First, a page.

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Everything posted by Buzz2kb

  1. So looks like the near term future of New Orleans RTA is towards an 100% Xcelsior fleet. Am I right?
  2. Top be specific: Orion VII NG and 3G 40ft, Seattle-style New Flyer DE60LFR, XD40 and XD35 (Some 2022 examples of the former and all of the latter are in a revised livery) and probably a dwindling band of Orion VII NG 35ft on the bus side.
  3. I strongly doubt it. By the way, the agency has rebranded itself into Jefferson Parish Transit and has a totally new livery as well.
  4. The title only refers to the prevalence of RTS buses at the Texas A&M campus at the time I started the thread, and any general discussions on the Aggie Spirit fleet is welcome here. By the way, the 40ft. MTS-built derivatives are still active.
  5. I thought you are NFI fanboy judging by your frequent quoting of NFI press releases. Now I understand. Disclaimer: My transit fanning experience revolves pretty much around Gillig as I lived in Florida for 6 years and in the South for the rest of my 16-year sojourn in the US. And Gillig is the dominant heavy-duty bus brand in Mississippi, Arkansas and Tennessee (the 3 states I fanned the most) to say the least.
  6. I really wonder if you're a mouthpiece for NFI. Do you work for them or you simply love NFI buses? When I read your posts, I really get an impression that NFI is on a roll of late.
  7. UPDATE: There is now a second transit agency in Summit County, Utah: High Valley Transit District, and 5 Gillig buses from Park City Transit (4 x 2016 BRT's 630-633, 1 of which is now numbered 16009, plus 2010 Low Flow bus 680) were transferred to that agency. These plus at least 1 second-hand New Flyer C40LF (numbered 08004 according to this image) forms the opening heavy-duty fleet there.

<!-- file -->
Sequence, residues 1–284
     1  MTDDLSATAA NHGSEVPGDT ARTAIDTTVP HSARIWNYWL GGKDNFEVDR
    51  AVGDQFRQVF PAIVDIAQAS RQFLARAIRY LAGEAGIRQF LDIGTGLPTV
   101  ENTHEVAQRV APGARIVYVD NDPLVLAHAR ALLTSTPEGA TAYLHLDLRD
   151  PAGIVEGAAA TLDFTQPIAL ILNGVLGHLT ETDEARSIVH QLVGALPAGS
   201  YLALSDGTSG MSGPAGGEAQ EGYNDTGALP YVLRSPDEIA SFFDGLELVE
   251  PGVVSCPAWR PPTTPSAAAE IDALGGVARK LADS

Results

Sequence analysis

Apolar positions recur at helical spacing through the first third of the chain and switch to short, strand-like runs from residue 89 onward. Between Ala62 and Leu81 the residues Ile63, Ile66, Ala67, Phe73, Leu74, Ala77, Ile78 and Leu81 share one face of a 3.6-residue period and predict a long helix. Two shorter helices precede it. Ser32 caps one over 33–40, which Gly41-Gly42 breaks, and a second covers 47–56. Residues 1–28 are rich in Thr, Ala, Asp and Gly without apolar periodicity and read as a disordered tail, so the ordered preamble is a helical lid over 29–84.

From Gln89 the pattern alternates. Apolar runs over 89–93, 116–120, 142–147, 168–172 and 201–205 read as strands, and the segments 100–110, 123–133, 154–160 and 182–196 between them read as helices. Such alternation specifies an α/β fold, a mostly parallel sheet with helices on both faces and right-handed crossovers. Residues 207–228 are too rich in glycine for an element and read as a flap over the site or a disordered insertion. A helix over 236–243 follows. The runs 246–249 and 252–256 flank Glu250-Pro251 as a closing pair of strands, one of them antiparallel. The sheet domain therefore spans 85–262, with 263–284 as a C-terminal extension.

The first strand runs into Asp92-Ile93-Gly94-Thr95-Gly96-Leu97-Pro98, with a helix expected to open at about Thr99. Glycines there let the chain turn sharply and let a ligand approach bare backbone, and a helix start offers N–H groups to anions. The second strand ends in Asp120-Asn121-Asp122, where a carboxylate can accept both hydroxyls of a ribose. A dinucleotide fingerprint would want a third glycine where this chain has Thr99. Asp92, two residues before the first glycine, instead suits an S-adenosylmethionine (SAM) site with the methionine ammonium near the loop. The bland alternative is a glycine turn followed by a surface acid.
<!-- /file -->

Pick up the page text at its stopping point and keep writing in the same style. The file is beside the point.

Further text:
8. So why did GM decide to hold on to the Express platform for roughly 26 years?
  9. Fairfax Connector still have theirs as well. Too bad that Albany Transit System in Georgia retired theirs after only 8-9 years of use and transitioned to a largely Gillig fleet.
  10. So what kind of buses are they?
  11. So what is the reason behind the poor sales of Gillig buses in NYC area?
  12. So why was it doubtful that Gillig would win this order?
  13. So what are the contracted routes?
  14. Why are you posting nothing but NABI buses? I'm curious if you are a die-hard fans of them.
  15. Are those trolleys from Gillig as well?
  16. They're selling 9-year old Gillig trolley replicas already?! Either they are replaced by newer sister buses or the trolley ridership there must be pretty hard-hit by the COVID-19 pandemic.
  17. For my likely sole update for the first half of 2020: 6 pictures in CTA Chicago Bus gallery. 13 pictures in PACE Suburban Bus gallery (Highlight: Pictures taken at the Cumberland and Harlem Blue Line/O'Hare Branch CTA Stations on top of PULSE-branded Eldorado Axcess BRT's. A NABI 40-LFW is featured at the first location). 9 pictures in the Palm Tran gallery (Highlight: New additions are snapshots for much of the agency's 2010's fleet except the 2012 New Flyer D60LFR's and 2016 Gillig LF 29ft.). 8 pictures in the brand-new Marty-Martin County Transit gallery (Highlight: Gillig LF 29ft. buses from Florida's youngest fixed route transit agency). 14 pictures in the Treasure Coast Connector gallery (Highlight: The agency in St. Lucie County, Florida is now predominantly heavy-duty, featuring 29ft. and 40ft. Gillig LF's). 11 pictures in Goline IRT (Indian River County, Florida) gallery (Highlight: The one-time all-cutaway agency now operates 29ft. and 35ft. versions of the Gillig LF) Hopefully, once I am able to travel to the US again after both my professional license exam in Hong Kong and the improvement of the coronavirus situation, I will keep on bringing pictures from less covered corners of Florida and beyond. Narratives on Palm Tran and the Florida Treasure Coast (Martin, St. Lucie and Indian River counties) agencies will come in the due course.